U.S. Department of Energy

Pacific Northwest National Laboratory

Fundamental understanding of nucleation processes to assess solution stability and phase growth and genesis

Please join us on Thursday, December 10, 2015, from Noon to 1 p.m. in the RPL Plutomium Conference Room, as the NPSI welcomes featured speaker Dr. Gregg Lumetta at the NPSI Monthly Seminar Series. Dr. Lumetta, NPSI PI, will be presenting on his project Fundamental Understanding of Nucleation Processes to Assess Solution Stability and Phase Growth and Genesis.

Research Team: Edgar Buck, Jim De Yoreo, Shawn Kathmann, Zheming Wang

Thursday, December 10, 2015
Dr. Gregg Lumetta
NPSI Project Manager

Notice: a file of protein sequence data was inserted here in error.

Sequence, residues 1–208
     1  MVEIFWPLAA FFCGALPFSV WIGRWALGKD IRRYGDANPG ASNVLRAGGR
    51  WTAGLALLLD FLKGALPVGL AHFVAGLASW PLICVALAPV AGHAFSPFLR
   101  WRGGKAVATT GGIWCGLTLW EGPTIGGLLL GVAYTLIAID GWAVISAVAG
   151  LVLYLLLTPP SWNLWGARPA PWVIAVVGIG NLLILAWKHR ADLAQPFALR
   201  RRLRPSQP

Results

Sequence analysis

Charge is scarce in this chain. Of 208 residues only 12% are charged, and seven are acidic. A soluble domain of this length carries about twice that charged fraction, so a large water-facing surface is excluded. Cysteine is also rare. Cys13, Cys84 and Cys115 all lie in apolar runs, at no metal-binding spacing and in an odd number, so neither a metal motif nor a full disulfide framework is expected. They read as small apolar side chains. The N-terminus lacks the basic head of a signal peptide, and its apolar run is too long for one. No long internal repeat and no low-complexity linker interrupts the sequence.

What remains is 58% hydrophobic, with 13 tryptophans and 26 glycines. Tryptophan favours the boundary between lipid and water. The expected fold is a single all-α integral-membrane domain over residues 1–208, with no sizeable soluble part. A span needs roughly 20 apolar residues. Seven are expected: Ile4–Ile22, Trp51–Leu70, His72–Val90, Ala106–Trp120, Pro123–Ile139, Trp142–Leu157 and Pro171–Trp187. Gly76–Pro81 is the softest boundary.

In this project, nucleation and crystal growth of three chemical systems of importance to nuclear processing technology will be probed in depth at a fundamental level. The systems to be investigated are trisodium phosphate, plutonium(III) oxalate, and plutonium(IV) oxalate. The trisodium phosphate system is important with respect to processing of Hanford tank wastes, while the two plutonium oxalate systems are important with respect to nuclear forensics. The specific goals of this project are to develop a fundamental understanding of nucleation and crystal growth phenomena associated with precipitation of plutonium(III) oxalate, plutonium(IV) oxalate, and Na3PO4*12H2O, including (1) determining the mechanism and pathways to plutonium oxalate and Na3PO4*12H2O homogeneous nucleation, (2) determining the mechanism and pathways to heterogeneous nucleation of Na3PO4*12H2O, and (3) determining the interfacial energies and kinetic barriers that control Na3PO4*12H2O nucleation on process-relevant construction materials (both treated and untreated with coatings). We will exploit this fundamental knowledge to (1) develop a predictive capability for linking processing history to the physical properties of plutonium oxide materials by providing the molecular-based parameters to phase field modeling and other up-scaling frameworks, and (2) improve tank waste processing efficiency by developing more efficient strategies for avoiding precipitation of Na3PO4*12H2O.
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